The foregoing and other objects, features and advantages of the invention will be apparent from the following more particular description of preferred embodiments of the invention, as illustrated in the accompanying drawings in which like reference characters refer to the same parts throughout the different views. The drawings are not necessarily to scale, emphasis instead being placed upon illustrating the principles of the invention.
Surgical materials such as, for example, surgical (bone) cements, surgical implants, plates and screws, can include a polymeric matrix which can be formed from polymeric materials, e.g., non-biodegradable or biodegradable polymers. The invention can use any one of the materials currently employed in forming surgical cements. For example, the invention is directed to cements produced from non-biodegradable polymeric materials such as, for example, acrylic polymers, polyurethanes and others.
In a preferred embodiment, the composite surgical materials of the invention include acrylic-based polymers, in particular cements formed through polymerizing or curing poly(methyl methacrylate) and methyl methacrylate monomer. Precursors commonly used to produce self curing, acrylic type surgical cements, often include powder and liquid components. Powder components typically include prepolymerized poly(methyl methacrylate), an initiator for the polymerization reaction and a radio-opaque additive. Liquid components typically include methyl methacrylate monomer, a promoter or accelerator for breaking down the catalyst and for initiating free radicals and a stabilizer which prevents premature polymerization. Powder and liquid formulations suitable in forming acrylic surgical cements are commercially available, for example in quantities of 40 grams per package, and 20 ml per container, respectively.
In other embodiments, the polymer matrix of the surgical materials of the invention can also include methyl methacrylate and/or its co-polymers such as methyl methacrylate-co-styrene, polymerized butyl methacrylate, styrene, carbonate and others. Residual monomer such as methyl methacrylate or butyl methacrylate can also be present in the polymer matrix.
In further embodiments, pre-prepared pastes, doughs or liquids can be employed. Often, the curing of these viscous formulations is induced (or their rate of polymerization is increased), as desired for application at the in vivo site. Other suitable formulations for producing bone cements include but are not limited to polyurethanes.
In another embodiment, surgical materials include ploymers that are biodegradable. Resorbable polymers are particularly useful in fabricating implant plates and screws and can include, for example, polylactic acid (PLA), polyglycolic acid (PGA), polydioxanone (PDS), polyethylene oxide (PEO) polycaprolactone (PCL), as well as co-polymers or blends thereof. The invention can also be practiced with cements used in dental applications, art restoration and other fields.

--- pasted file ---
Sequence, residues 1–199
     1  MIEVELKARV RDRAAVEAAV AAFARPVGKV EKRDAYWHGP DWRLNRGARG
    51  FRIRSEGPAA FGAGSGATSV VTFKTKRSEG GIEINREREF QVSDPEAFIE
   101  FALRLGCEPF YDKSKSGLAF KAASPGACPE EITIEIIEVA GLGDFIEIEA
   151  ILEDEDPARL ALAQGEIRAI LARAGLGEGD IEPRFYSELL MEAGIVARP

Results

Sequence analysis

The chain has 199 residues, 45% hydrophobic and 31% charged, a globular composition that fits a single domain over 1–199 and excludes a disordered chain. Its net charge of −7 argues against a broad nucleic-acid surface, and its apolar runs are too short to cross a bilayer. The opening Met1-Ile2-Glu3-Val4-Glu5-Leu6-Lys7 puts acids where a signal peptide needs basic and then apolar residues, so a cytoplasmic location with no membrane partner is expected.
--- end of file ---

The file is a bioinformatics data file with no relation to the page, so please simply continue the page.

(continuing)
The surgical materials of the invention (e.g. bone cements, prepolymerized surgical implants, plates, screws) also include a filler. The filler can be solid or fluid (a liquid, or a gas). Mixtures of components of different chemical compositions and mixtures of solids, mixtures of fluids and mixtures of solids and fluids can also be employed.
In preferred embodiments of the invention, the fillers employed deliver additional benefits. For example, fillers can have radio-opaque properties or can include biologically active or pharmaceutical compounds, such as, for example, bisphonates, antibiotics and others. Other preferred fillers include fillers which have magnetic properties and can create or enhance a magnetic field. Still other preferred fillers which can be employed have osteoinductive properties. Fillers also can include biologically active substances such those used in the treatment, prophylaxis or diagnosis of diseases. Specific examples include but are not limited to growth factors, bisphonates, antibiotics and others. Solid biomolecules and pharmaceutical compounds (e.g., gentamicin, tobramicin) also can be used as fillers.
In a preferred embodiment, the solid fillers employed have X-ray contrast properties. Examples of fillers which have X-ray contrast or radio-opaque properties include but are not limited to barium salts, such as, for example, barium sulfate, barium fluoride and barium polyacrylate; metal oxides, such as, for example, titanium dioxide, zirconium oxide, chromium oxide, and zinc oxide; bismuth glass; and mixtures thereof. Such compounds are also referred to herein as radio-pacifiers. Examples of other solid fillers include, but are not limited to carbon particles, solid organic or polymeric compounds, such as thermoplastics, thermosets, elastomers or rubbers, (for example: poly dimethyl siloxane), glassy polymers (for example: polystyrene latex particles), block copolymers (for example: poly (methyl methacrylate-co-dimethyl siloxane) are still other solid fillers which can be used in practicing the invention. Fillers which incorporate pharmaceutical powder formulations can also be employed.
Liquid fillers can include pure liquids (for example: water, ethanol), mixtures of liquids or liquids containing dissolved chemicals. In a preferred embodiment, the liquid filler includes a bioactive material dissolved, dispersed, suspended or otherwise combined with the liquid. For example, biomolecules or pharmaceutical compounds used in the prophylaxis, treatment or diagnosis of disease, such as peptides, proteins, antivirals, antibiotics solutions or suspensions can be employed. Specific examples include but are not limited to alendronate dissolved in either water or alcohol, colloidal hydroxyapatite particles suspended in water.
Gaseous fillers include but are not limited to air, carbon dioxide, oxygen, nitrogen, argon, xenon, krypton and other gases and mixtures thereof.